Sat. Jan 28th, 2023

Amy Taubin is a contributing editor for Artforum who lives, writes, and teaches in New York.

1–3
AGHDRA (Arthur Jafa), EO (Jerzy Skolimowski), and SEE YOU FRIDAY, ROBINSON (Mitra Farahani)

A tie for first place among three works that testify to the poetic power of image-sound amalgams and to the fragility of all life. An Elias Canetti observation—often quoted by Jean-Luc Godard, including in Farahani’s collage of revelatory fragments they began in 2015, and Farahani finished in 2022—describes how you might react to any or all of them: “We are never sad enough for the world to become better.”

4
CRIMES OF THE FUTURE (David Cronenberg)
An end-of-the-world movie—or is it?

5
ALL THAT BREATHES (Shaunak Sen)
In a poor Muslim neighborhood in Delhi, two brothers and their friend rescue kites—omnipresent, often despised scavenger birds. But seen through the eyes of these young men, similarly scorned in Modi’s India, they are gossamer shadows soaring through the smog, as well as extremely efficient refuse collectors. “Without them,” one brother says, “the garbage would touch the sky.” Three other remarkable documentaries: Laura Poitras’s All the Beauty and the Bloodshed, Margaret Brown’s Descendant, and Alex Pritz’s The Territory.


Shaunak Sen, All That Breathes, 2022, 4K video, color, sound, 94 minutes.

6
SAINT OMER (Alice Diop)
Based on the trial of a former Sorbonne student from Senegal who left her fifteen-month-old child on a beach to be swept away with the tide, isolation and cultural displacement likely playing a part in her psychotic act. A similar horror haunts the less austere Nanny (Nikyatu Jusu), in which an undocumented Senegalese woman hopes to earn enough money caring for the child of a wealthy Manhattan couple to bring her son from Dakar to New York.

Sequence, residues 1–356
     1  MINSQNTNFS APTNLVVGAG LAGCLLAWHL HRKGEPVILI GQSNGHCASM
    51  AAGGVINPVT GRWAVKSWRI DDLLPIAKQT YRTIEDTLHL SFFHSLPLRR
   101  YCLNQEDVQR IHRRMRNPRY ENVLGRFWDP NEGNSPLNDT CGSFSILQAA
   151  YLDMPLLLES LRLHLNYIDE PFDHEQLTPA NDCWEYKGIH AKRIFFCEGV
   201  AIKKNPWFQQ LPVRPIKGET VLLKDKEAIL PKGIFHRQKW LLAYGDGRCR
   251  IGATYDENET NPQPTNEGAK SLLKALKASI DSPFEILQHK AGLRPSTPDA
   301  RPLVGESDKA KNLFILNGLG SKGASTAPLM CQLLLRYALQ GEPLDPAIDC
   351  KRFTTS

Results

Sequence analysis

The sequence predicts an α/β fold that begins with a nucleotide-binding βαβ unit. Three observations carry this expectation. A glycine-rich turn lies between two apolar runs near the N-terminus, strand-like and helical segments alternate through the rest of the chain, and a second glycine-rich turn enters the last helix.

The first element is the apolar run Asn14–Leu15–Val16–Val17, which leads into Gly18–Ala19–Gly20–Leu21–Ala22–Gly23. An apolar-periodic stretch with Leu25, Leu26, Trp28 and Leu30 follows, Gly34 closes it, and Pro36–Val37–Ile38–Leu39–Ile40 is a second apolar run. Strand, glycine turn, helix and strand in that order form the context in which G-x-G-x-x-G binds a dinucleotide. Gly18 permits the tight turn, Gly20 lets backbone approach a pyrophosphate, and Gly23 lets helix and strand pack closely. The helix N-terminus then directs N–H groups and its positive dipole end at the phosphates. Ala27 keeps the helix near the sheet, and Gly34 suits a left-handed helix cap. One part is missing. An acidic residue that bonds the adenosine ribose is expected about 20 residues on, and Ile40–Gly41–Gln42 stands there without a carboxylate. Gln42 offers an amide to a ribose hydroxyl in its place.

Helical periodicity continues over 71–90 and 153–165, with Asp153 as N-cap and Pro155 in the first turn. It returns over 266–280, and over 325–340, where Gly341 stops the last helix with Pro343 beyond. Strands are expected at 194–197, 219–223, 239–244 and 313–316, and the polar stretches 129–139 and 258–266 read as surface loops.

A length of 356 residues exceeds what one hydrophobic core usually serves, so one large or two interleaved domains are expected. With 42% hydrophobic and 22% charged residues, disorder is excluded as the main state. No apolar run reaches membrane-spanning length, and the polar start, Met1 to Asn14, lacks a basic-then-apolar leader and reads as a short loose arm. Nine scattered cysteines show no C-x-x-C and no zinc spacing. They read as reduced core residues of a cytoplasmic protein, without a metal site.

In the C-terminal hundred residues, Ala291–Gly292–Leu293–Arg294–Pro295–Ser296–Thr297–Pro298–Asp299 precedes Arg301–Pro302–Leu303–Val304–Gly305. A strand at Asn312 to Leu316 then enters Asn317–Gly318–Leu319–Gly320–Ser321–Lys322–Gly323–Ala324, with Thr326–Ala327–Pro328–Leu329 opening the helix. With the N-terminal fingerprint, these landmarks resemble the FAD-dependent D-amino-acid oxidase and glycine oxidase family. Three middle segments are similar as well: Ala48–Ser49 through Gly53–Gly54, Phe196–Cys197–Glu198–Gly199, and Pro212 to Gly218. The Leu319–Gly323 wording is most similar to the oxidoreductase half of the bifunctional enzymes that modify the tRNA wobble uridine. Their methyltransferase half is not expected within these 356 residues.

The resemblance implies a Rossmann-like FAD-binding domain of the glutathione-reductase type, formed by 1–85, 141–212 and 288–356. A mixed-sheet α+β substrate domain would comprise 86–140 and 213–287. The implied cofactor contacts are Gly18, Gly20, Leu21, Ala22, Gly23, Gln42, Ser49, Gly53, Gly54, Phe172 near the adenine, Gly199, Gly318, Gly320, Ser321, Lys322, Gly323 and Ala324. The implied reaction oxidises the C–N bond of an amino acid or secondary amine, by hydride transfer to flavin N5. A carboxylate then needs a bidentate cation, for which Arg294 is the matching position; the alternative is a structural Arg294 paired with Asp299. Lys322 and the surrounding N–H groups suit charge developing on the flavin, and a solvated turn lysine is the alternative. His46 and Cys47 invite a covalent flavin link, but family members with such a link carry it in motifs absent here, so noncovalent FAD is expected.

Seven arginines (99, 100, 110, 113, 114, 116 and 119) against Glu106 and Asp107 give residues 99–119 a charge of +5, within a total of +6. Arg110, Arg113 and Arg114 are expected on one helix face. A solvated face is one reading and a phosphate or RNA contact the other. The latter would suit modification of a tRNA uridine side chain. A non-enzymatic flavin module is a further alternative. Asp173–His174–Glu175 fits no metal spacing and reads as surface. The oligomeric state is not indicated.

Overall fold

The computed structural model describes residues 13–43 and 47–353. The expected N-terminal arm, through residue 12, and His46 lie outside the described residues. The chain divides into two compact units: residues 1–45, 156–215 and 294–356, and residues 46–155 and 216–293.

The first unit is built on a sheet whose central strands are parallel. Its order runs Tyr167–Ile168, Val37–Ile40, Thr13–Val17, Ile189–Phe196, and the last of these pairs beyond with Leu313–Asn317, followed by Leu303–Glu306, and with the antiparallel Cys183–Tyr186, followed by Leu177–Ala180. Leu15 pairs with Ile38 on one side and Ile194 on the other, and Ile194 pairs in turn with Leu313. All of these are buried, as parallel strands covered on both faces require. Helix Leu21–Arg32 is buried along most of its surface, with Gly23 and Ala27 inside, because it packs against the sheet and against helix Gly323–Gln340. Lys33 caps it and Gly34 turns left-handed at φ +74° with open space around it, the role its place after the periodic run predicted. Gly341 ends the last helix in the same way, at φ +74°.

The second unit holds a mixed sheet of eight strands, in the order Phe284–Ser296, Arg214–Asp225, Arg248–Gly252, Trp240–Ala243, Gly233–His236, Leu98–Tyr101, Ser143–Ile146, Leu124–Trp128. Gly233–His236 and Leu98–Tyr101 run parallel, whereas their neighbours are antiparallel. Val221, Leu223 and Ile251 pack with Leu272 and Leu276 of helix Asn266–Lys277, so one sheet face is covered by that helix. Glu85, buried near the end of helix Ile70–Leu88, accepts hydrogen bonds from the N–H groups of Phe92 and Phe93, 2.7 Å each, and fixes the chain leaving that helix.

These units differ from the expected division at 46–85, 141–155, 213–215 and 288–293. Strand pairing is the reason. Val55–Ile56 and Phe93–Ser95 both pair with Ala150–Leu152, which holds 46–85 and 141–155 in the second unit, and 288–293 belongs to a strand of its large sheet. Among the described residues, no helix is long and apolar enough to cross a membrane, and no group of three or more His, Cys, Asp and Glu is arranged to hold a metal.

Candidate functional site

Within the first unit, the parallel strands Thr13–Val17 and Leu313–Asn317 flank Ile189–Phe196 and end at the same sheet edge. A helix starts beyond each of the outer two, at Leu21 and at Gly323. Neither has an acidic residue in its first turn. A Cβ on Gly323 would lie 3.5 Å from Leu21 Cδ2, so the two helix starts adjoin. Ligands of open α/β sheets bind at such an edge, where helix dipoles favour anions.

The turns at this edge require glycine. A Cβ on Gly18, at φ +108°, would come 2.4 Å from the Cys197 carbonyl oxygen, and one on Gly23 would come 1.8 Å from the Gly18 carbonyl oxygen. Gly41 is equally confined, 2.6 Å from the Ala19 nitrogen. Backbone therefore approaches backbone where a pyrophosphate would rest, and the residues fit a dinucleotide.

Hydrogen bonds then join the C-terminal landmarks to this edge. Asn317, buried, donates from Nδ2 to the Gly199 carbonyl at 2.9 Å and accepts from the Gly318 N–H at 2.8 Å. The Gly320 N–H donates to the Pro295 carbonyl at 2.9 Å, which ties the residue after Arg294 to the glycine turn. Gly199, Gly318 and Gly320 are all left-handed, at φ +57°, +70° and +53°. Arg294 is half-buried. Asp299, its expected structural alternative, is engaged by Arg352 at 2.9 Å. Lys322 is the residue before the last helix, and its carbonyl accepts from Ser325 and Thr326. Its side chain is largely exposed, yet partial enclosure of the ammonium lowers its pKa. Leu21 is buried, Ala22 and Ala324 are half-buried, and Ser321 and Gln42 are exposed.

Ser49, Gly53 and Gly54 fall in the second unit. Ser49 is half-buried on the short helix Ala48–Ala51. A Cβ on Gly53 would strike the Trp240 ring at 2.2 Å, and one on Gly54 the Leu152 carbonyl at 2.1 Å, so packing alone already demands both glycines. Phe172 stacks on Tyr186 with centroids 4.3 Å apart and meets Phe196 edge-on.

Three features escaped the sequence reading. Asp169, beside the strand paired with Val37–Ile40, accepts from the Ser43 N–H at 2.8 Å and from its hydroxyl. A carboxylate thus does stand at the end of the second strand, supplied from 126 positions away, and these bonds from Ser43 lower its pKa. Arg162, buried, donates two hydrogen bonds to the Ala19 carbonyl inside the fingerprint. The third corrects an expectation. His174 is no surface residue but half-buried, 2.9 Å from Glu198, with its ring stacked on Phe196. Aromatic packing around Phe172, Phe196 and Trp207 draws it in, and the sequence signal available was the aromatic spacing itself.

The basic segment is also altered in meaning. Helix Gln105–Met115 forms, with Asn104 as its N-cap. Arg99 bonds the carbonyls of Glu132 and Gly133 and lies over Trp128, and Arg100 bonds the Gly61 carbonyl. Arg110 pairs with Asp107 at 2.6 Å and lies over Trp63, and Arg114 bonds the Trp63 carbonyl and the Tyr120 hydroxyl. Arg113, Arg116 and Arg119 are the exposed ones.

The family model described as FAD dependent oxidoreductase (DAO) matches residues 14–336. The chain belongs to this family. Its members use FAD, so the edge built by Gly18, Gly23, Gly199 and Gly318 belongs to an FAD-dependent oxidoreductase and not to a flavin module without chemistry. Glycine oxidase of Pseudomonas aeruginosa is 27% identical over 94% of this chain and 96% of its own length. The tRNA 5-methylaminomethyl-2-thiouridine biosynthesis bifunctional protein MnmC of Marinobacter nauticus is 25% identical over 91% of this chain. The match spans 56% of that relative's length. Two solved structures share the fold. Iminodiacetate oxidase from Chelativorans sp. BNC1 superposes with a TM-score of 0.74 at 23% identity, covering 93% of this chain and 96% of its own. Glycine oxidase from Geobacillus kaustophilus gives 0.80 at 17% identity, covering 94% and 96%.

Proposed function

7
KIMI (Steven Soderbergh)
A perfect pop-pandemic thriller and an inspired duet by actor (Zoë Kravitz) and cameraman (Soderbergh).


Steven Soderbergh, Kimi, 2022, 4K video, color, sound, 89 minutes. Angela Childs (Zoë Kravitz).

8
LINGUI, THE SACRED BONDS (Mahamat-Saleh Haroun)
The year’s most uplifting feminist film, about the collective power of women against an entrenched patriarchy.


Mahamat-Saleh Haroun, Lingui, les liens sacrés (Lingui, The Sacred Bonds), 2021, HD video, color, sound, 87 minutes. Maria (Rihane Khalil Alio) and Amina (Achouackh Abakar).

9
MIND OVER MURDER (Nanfu Wang)
In all of her documentaries, Wang has investigated false memory/false consciousness, first in China, where she was born, and now through parallels in the United States. This HBO series examines the effect of a rape and murder on a small Nebraska town and the exoneration some twenty years later of the six convicted for it, five of whom had confessed to the crime and at least two of whom still believe they committed it.

10
FUNNY PAGES (Owen Kline) and THE CATHEDRAL (Ricky D’Ambrose)
Both depict formative moments in the life of a young visual artist. Like the directors, the protagonists have polar-opposite aesthetics and might grow up to convince us that one is just as good as the other.

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